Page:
Brookline. One word like few others can prompt frightening flashbacks for any fan of European golf over the age of about 30.
The Ryder Cup of 1999 will always be remembered for the sight of wives and girlfriends of US players celebrating on the 17th green after Justin Leonard had holed a monster putt. The celebrations, high heels stomping on the green, were premature as Jose Maria Olazabal still had a putt to keep European hopes alive. The Spaniard missed, allowing celebrations to continue, but It was an unedifying sight.
There was nastiness to the Ryder Cup at that time; Brookline was the nadir. Modern Ryder Cups are still fiercely competitive - spectators from both sides occasionally step over the line - but they are played in a positive spirit.
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Brookline this week will see zero thoughts of team play, it will be every man for himself for the right to lift the 122nd US Open.
There might a sense of them and us, after civil war broke out in golf following the PGA Tour’s decision to suspend those who participated in last week’s inaugural LIV Golf event.
What happens next in that battle is up for debate - lawyers will likely get rich, that much is evident - but there will be plenty of eyes on ‘rebels’ Phil Mickelson and Dustin Johnson.
It would be some story were Mickelson to complete golf’s Grand Slam after all the controversy in recent months. It would be some story, given the way he chopped the ball around the Centurion Club last week.
Rory McIlroy has been one of the most outspoken critics of LIV Golf and as one of the PGA Tour’s star attractions, and commissioner Jay Monahan would like nothing more than for McIlroy to lift the trophy on Sunday.
He’s certainly in the form to do so, as he produced a masterclass to fend off Tony Finau and Juston Thomas to win the Canadian Open last week. With his wedges dialled in, if he can avoid the lapses that have plagued him in majors of late, McIlroy looks well placed to win a title he last secured in 2011. The hair’s a bit different 11 years on, but the golf is just as good.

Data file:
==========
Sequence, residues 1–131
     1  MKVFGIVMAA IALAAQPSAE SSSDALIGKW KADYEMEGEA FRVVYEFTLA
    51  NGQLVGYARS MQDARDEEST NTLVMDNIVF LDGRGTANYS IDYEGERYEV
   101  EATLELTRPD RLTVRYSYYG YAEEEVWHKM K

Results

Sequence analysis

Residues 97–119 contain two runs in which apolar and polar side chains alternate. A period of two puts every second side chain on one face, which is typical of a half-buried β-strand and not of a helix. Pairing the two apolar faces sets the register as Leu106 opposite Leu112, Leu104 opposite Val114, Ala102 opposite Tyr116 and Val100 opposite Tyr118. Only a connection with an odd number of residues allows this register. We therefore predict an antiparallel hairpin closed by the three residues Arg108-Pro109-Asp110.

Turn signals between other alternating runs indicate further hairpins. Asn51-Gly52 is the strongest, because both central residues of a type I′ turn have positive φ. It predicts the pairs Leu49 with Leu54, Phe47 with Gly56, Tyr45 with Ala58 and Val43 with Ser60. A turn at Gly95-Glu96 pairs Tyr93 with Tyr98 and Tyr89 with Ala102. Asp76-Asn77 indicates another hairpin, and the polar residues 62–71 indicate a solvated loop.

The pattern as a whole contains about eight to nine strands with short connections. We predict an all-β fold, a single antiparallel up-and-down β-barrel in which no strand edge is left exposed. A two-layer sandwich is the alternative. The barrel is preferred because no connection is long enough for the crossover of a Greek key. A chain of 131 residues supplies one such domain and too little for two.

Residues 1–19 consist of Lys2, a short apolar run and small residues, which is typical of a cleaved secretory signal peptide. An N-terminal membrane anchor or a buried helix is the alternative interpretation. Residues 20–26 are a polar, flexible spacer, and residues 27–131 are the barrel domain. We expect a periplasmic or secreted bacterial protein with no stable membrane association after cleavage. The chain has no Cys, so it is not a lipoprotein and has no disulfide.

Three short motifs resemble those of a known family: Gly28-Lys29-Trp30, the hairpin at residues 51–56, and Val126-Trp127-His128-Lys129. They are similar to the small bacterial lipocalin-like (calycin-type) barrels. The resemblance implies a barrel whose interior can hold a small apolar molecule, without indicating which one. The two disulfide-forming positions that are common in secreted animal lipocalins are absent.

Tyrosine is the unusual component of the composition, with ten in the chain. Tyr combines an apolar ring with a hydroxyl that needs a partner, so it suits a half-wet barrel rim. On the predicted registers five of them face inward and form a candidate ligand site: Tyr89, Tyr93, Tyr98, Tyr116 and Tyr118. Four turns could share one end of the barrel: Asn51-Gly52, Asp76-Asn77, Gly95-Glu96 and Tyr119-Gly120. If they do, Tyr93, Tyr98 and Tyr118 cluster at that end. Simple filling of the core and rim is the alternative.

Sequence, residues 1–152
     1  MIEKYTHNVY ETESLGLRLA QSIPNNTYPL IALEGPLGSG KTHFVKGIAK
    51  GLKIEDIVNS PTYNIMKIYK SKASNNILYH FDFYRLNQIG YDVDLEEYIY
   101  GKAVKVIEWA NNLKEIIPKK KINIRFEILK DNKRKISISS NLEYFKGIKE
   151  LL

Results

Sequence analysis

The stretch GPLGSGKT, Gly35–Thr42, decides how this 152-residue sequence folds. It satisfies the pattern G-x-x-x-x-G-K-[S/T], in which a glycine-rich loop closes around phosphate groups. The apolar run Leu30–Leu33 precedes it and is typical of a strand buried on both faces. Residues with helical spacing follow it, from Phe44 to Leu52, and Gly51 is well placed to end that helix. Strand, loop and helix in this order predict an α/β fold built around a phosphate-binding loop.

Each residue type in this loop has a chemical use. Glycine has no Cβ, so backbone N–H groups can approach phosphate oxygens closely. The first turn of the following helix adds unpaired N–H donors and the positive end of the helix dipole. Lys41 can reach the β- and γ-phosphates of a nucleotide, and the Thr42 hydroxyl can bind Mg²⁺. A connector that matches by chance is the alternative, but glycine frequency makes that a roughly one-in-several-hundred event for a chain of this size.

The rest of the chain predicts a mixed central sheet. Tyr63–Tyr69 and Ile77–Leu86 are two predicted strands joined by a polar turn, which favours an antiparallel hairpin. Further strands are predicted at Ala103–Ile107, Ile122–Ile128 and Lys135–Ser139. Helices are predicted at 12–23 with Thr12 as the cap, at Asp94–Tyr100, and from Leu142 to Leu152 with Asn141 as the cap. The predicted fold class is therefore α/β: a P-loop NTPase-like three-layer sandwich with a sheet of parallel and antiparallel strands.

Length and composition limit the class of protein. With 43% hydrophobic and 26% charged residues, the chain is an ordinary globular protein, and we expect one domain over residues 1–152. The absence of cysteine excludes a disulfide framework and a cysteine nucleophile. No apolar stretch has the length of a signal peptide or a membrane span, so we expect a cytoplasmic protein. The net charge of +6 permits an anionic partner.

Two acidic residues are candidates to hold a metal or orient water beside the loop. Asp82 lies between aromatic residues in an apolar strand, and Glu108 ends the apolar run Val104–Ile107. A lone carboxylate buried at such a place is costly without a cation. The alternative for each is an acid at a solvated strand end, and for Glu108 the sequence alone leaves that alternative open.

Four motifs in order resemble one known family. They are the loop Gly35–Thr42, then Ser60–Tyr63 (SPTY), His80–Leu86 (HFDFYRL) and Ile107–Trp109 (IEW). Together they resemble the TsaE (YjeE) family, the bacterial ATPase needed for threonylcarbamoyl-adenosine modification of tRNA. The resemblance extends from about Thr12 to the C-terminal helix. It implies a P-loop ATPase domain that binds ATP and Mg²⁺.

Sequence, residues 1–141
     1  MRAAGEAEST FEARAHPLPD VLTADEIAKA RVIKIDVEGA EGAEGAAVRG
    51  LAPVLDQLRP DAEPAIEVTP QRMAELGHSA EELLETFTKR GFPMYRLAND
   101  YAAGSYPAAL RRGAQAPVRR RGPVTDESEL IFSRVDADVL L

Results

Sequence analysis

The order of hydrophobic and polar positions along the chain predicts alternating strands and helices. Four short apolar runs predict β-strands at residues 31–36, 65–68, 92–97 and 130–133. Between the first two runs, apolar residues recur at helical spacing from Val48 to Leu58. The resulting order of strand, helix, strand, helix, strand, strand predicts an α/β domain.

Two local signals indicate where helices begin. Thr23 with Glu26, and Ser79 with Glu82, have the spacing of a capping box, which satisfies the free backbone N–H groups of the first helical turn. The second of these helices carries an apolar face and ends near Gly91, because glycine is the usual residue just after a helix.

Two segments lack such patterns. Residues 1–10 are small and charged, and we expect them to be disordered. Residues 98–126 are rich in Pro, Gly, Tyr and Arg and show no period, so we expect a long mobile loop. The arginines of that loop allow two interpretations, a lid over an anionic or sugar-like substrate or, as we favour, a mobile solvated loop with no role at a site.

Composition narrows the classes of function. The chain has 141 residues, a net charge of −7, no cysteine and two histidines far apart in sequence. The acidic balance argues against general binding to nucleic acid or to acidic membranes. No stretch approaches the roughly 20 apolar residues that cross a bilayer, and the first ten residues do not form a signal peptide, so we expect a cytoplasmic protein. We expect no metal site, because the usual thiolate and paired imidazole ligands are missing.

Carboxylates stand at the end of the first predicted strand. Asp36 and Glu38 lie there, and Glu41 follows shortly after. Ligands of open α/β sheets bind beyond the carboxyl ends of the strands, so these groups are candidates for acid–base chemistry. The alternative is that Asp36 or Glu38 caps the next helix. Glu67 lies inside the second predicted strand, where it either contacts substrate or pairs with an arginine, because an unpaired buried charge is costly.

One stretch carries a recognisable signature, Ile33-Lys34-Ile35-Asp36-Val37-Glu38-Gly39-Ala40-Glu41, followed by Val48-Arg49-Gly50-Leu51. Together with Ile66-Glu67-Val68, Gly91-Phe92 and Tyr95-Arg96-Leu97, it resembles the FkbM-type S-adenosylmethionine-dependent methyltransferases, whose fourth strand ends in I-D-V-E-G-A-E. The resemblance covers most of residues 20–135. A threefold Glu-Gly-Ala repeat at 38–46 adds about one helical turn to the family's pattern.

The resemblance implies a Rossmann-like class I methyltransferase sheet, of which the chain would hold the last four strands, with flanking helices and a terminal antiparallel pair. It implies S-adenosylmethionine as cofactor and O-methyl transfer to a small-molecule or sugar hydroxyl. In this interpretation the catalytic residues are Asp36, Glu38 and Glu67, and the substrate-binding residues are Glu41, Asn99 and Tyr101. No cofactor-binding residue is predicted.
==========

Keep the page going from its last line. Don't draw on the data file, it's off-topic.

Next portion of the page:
orthern Ireland's Rory McIlroy celebrates his win on the 18th green during the final round of the 2011 U.S. Open golf tournament at Congressional Country Club in Bethesda, Maryland, June 19, 2011

Image credit: Reuters

World No. 1 Scottie Scheffler went a little cold after winning the Masters, which was totally understandable, but a closing round of 66 in Canada on Sunday suggested the outstanding form is not far from the surface.
As defending champion, Jon Rahm will have his supporters. He will arrive at Brookline extremely fresh, as he has not played since the Memorial Tournament a month ago. A tied-10th finish did not do justice to Rahm’s play, and if the putter gets hot he has a big chance of going back-to-back.
The biggest name of all will not be teeing it up, as Tiger Woods pulled out citing fitness issues. He looked extremely sore at the US PGA Championship, and his aim is to be competitive in the Open at St Andrews.
One player who has a lot in his favour is Matthew Fitzpatrick. The 27-year-old is still seeking his first professional win in America, but Brookline suits his game perfectly. He’s not a bomber off the tee, but finding fairways and greens in regulation is his modus operandi and he was a winner at the course in the 2013.

COURSE: The Country Club, Brookline

The Country Club is one of the most storied tracks in golf and has hosted the US Open on three previous occasions.
There have been changes since Curtis Strange tasted victory in 1988, with the course lengthened and different holes added in a composite layout.
Length, length, length are at the forefront of golf as technological changes allow players to hit the ball further. But there is always a place for something short and sweet. The 11th - named Redan - is a par 3 of 131 yards. No more than a wedge, but it is a raised green sloping from front to back, guarded by bunkers and a brook. Appearances can be deceptive and as well as offering birdie chances, it could see big numbers run up.
There will be changes of routing from 1988, and only Pebble Beach has played shorter than The Country Club's 7264 yards, but the layout and how it will be set up will protect it from being picked apart by the bombers of the game.

Players walk down the fairway prior to the US Open at The Country Club on June 14, 2022 in Brookline, Massachusetts.

Image credit: Getty Images

What the likes of McIlroy, Rahm and Scheffler will find is a penal layout. The USGA will do everything in its power to ensure the players are met with the toughest test in golf.
There have been criticism of recent layouts at the likes of Chambers Bay, but that will not be levelled at one of the most revered courses in golf.
Hit it off line and players will be punished. Arguably that is how golf should be played - meaning the hit-it-as-far-as-you-can-and-find-it brigade are unlikely to flourish.
  • Prize Money: Total fund of $12.5 million, with winner’s share being $2,250,000
  • Format: 72-hole strokeplay. Two-hole aggregate if playoff is required.